By Joel Keller
This story is inspired by Antrel Rolle.
No, it's not because the New York Giants safety is having one of his better seasons despite the fact that his team is having its worst season in a decade. It's because it seems like every week, there's a headline with Rolle's name attached to it. And, even though Rolle has been an outspoken player his entire career, it seems that the vast majority of the headlines have not come from a reporters' scrum either after the game or during practice, but rather from his weekly radio interview with Joe Benigno and Evan Roberts on WFAN.
Just this season, Rolle has generated headlines by predicting that the G-men would win the rest of their games after an 0-4 start, as well as saying that Jonathan Martin was just as much to blame in the Dolphins' bullying controversy as Richie Incognito. And after New York's playoff-eliminating loss to the Chargers, when the hosts asked Rolle who he thought was going to win the NFC East, he came right out and said, "I don't care."
Rolle is one of the legions of NFL players who are paid to be interviewed once a week by their team's local sports radio station, whether the team is going well or not, whether they're active or hurt, or whether they're personally playing well or not.
This interview can take a couple of different forms, depending on the market. In some markets, the player is interviewed by phone for anywhere from 10 to 30 minutes, usually as they're going from one place to another (Ben Roethlisberger, for instance, did a recent weekly spot while he was on his way to get a Christmas tree for his family). In other markets, though, the player sits behind a studio mike for an hour, with the ability to goof around with the timeslot's hosts after the requisite grilling about that week's game.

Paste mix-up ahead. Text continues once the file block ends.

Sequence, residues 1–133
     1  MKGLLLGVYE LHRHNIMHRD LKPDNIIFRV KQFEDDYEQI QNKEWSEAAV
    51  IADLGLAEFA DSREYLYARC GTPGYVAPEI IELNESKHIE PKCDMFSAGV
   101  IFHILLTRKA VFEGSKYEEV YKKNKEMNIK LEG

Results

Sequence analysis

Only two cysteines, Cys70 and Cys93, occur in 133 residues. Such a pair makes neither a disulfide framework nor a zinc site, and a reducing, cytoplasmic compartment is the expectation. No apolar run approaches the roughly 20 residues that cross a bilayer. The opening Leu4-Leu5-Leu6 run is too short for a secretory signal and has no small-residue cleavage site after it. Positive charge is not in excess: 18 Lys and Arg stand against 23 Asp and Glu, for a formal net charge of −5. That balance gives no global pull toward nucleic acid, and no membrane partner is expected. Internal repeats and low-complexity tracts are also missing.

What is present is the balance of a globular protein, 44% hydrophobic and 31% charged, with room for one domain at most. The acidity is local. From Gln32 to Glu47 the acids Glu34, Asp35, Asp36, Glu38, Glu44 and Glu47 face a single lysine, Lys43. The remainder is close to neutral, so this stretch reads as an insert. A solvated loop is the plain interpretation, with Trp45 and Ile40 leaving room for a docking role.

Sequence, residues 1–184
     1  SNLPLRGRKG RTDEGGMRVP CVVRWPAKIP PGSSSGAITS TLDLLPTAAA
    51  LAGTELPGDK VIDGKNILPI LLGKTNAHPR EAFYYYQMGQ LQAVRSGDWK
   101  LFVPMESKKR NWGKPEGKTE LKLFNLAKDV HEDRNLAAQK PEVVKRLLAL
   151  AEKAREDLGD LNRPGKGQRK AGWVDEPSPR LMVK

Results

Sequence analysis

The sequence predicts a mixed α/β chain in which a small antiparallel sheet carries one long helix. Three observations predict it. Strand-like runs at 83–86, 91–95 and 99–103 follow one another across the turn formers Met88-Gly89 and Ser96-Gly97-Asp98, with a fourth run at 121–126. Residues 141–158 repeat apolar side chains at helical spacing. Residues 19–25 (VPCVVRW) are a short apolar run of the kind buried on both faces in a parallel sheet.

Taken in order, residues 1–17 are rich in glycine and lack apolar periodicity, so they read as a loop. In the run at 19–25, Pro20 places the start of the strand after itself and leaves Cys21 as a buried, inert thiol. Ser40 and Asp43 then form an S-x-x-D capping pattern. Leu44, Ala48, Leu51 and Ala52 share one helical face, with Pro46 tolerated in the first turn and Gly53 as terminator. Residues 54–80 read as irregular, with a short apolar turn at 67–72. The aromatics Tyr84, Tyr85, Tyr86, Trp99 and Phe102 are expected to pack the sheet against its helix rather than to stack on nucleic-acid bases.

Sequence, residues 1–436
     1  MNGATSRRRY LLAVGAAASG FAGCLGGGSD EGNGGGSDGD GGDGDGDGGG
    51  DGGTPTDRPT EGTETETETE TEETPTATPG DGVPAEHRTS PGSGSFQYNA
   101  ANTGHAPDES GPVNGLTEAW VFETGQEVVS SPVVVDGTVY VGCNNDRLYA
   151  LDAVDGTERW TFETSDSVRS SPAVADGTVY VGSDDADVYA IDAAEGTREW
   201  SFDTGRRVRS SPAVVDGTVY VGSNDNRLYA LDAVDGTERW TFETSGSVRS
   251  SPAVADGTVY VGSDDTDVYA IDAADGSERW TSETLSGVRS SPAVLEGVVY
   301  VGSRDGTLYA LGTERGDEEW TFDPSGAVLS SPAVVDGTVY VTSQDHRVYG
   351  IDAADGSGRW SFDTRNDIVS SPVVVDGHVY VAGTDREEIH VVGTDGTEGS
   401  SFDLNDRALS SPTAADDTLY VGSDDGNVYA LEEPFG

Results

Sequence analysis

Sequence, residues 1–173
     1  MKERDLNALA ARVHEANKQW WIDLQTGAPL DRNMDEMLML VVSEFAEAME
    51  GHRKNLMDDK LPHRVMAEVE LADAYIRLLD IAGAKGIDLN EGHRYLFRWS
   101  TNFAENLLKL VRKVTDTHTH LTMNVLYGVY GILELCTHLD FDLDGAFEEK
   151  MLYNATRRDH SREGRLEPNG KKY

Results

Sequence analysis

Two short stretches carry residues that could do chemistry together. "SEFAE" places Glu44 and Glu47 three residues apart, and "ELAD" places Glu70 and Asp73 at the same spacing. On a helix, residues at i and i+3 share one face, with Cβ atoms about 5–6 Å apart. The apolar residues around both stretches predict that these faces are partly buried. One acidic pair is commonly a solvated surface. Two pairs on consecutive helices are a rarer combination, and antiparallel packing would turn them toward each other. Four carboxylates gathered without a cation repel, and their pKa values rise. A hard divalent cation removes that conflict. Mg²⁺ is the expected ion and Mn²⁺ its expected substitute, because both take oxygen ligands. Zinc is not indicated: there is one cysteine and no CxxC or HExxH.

Unfortunately, after listening to more than a dozen of these kinds of interviews around the country -- some markets don't have a weekly call-in from a local player -- much of what I heard wasn't nearly as interesting as what I heard from Rolle. There was lots of praise for the other team, noncommittal answers when it came to the player's performance or the performance of his teammates, enough jargon to make Jon Gruden sound like John Madden by comparison, and just a general sense that players are there to collect some extra spending money more than trying to foster a post-retirement media career.
Here are some tips I've come up with to help differentiate the good NFL call-ins and studio shows from the bad ones.
Don't Be Boring
Does Rolle bloviate and self-aggrandize in order to generate headlines? Of course. I'm amazed at how the media seems to take Rolle's bait every single week. But all you have to do is listen to one of his teammates talk on the very same station to understand why what Rolle does is so refreshing.
Every Monday (or Tuesday if the game is a Monday nighter), Eli Manning gets on the phone with Mike Francesca and does his Eli Manning thing: Provides a wall of words that don't say anything that sticks with a listener. He basically uses his locker room patter during fifteen or so mind-numbing minutes, praising the other team and never implicating his teammates. He doesn't show any public anger at himself, calling his frequent poor performances this season "disappointments" but never letting us think he won't rebound the next week. Most answers are long monologues that rarely get above a certain voice level.
The Falcons' Matt Ryan is the opposite of Manning. Even though his team has been a crushing disappointment this season, you'd have no idea by listening to his interviews on Atlanta's 680 The Fan. Choose any random week and the guy sounds like the team is headed for the playoffs instead of a top draft pick; even though I can't remember a word he said when I listened, at least his chipper tone kept me from browsing Facebook while listening to his weekly spot.
Take Listeners Inside the Game